Frequently Asked Questions

What is a large reddish brown bird in South Carolina?

The Brown Thrasher, a robust and energetic songbird, is a familiar sight and sound in the diverse landscapes of South Carolina. Here are some captivating facts about this feathered resident:

A Master Mimic: Renowned for its impressive vocal repertoire, the Brown Thrasher can mimic the songs and calls of over 1,000 other bird species! From mockingbirds to cardinals, woodpeckers to owls, you might encounter a surprise melody coming from its hidden perch.

Fierce Defender: Don’t underestimate this brown bird! Brown Thrashers are surprisingly aggressive, fiercely defending their nests and territories. They’ve been known to attack larger birds and even humans who approach too close. So, admire them from a respectful distance!

Omnivorous Delight: They enjoy a varied menu, feasting on insects, worms, beetles, berries, and even small fruits. You might see them foraging on the ground, hopping through low vegetation, or gleaning insects from tree branches with their strong, curved bills.

Where can I find orange orioles in South Carolina?

The Baltimore Oriole is definitely seen more often in South Carolina now than in the past! This shift in their wintering range is a relatively recent trend, observed over the past few decades. Here’s a breakdown of the situation:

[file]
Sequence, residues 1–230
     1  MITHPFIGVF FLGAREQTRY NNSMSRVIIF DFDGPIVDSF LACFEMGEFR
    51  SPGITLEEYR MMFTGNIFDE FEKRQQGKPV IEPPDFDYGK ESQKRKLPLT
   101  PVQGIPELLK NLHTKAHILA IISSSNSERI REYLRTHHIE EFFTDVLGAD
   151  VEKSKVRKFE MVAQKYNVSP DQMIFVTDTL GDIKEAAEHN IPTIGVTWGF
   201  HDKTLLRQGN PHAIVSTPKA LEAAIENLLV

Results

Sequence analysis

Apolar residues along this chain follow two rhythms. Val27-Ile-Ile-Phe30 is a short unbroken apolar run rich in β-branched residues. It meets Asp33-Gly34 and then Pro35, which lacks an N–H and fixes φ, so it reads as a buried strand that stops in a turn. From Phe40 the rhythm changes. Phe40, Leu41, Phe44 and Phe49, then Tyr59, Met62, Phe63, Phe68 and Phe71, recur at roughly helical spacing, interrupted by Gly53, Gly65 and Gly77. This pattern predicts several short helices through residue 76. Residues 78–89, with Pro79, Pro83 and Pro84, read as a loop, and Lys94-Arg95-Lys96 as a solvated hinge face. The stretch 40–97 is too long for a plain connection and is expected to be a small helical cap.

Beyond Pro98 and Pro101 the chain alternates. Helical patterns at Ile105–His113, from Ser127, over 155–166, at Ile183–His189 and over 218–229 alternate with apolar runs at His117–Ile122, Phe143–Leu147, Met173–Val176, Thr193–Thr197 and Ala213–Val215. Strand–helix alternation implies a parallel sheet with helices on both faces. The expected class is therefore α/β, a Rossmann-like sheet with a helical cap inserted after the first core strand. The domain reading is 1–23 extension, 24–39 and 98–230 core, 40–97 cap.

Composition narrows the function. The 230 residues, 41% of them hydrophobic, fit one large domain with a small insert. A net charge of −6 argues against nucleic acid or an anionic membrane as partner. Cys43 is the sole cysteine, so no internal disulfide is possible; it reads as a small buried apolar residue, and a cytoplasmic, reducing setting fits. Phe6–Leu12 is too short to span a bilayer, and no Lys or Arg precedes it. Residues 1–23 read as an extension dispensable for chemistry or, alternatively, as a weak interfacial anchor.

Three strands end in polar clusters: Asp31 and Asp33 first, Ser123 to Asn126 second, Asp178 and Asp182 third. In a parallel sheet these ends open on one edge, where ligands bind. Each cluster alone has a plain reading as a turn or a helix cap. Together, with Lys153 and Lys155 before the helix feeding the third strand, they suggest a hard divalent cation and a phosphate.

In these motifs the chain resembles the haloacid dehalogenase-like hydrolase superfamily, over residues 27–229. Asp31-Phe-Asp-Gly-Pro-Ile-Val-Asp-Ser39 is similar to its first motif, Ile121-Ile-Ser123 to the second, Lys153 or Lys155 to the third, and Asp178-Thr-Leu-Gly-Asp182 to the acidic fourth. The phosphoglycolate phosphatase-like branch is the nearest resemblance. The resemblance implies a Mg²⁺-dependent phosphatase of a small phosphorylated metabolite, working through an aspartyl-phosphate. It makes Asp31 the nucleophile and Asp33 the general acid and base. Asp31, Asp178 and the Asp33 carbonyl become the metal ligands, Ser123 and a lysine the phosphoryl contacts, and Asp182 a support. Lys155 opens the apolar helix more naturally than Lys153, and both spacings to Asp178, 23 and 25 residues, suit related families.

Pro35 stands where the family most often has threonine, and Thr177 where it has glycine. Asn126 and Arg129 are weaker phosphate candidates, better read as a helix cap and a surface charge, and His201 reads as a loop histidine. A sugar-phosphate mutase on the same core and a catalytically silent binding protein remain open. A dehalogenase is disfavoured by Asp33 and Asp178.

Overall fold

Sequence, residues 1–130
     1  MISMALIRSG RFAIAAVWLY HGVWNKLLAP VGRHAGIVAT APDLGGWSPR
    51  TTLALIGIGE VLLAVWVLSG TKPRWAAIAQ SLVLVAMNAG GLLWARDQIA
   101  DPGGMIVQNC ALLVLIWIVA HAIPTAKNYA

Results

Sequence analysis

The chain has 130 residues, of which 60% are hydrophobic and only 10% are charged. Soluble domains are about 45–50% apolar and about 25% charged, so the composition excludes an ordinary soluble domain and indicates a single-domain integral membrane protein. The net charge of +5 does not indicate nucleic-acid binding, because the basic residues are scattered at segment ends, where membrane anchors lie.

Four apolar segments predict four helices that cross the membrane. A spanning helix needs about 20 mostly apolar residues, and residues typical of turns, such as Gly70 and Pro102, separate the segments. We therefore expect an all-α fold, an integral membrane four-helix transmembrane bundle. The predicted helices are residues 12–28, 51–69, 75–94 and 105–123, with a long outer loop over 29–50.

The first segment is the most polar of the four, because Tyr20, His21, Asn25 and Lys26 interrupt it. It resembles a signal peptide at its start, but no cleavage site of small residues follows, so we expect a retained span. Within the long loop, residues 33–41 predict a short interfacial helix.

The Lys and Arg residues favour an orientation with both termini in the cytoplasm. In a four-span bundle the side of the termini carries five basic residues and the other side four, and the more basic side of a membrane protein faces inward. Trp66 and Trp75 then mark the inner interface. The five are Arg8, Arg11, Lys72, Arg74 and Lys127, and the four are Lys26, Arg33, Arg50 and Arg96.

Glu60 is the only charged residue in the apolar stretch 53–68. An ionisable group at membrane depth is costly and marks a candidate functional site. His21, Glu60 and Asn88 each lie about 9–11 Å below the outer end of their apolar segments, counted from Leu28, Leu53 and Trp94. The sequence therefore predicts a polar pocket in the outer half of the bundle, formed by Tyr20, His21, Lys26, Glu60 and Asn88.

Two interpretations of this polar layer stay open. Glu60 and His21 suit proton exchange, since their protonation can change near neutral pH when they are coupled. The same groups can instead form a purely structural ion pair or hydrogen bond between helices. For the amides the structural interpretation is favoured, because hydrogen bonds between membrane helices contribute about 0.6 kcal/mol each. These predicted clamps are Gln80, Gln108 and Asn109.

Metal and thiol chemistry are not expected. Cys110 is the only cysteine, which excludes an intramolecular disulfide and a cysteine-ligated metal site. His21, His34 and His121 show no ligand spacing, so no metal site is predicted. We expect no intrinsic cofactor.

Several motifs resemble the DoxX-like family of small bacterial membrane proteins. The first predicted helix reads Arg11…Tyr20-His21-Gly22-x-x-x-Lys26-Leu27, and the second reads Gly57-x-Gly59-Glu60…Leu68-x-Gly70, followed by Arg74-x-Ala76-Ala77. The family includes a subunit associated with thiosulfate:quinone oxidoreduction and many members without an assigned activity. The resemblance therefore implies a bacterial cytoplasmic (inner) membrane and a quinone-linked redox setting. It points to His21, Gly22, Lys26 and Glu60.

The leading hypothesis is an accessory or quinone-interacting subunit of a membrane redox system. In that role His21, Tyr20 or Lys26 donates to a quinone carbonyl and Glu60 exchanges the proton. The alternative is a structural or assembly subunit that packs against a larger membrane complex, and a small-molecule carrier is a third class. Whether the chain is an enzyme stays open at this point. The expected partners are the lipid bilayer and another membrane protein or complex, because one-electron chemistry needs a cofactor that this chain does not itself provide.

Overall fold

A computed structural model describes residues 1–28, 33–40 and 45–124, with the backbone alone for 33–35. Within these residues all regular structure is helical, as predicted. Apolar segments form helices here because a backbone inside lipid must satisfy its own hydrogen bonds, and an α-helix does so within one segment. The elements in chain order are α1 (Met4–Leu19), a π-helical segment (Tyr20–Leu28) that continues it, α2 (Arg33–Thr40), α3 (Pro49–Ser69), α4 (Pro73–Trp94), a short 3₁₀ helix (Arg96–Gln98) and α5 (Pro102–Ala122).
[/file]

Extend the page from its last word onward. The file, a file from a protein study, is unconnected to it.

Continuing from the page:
• Baltimore Orioles used to breed in the north during summer and migrate south to Central America and northern South America for winter.
  • South Carolina primarily saw them during spring and fall migration, with only a few individuals lingering into winter.

Recent Changes:

  • Warmer winters due to climate change have allowed Orioles to survive farther north during the winter months.
  • Increased availability of food sources like backyard feeders and fruit-bearing trees has attracted them to stay in South Carolina.
  • Data from the South Carolina Department of Natural Resources (SCDNR) and the Great Backyard Bird Count show a significant rise in Baltimore Oriole sightings in the state during winter.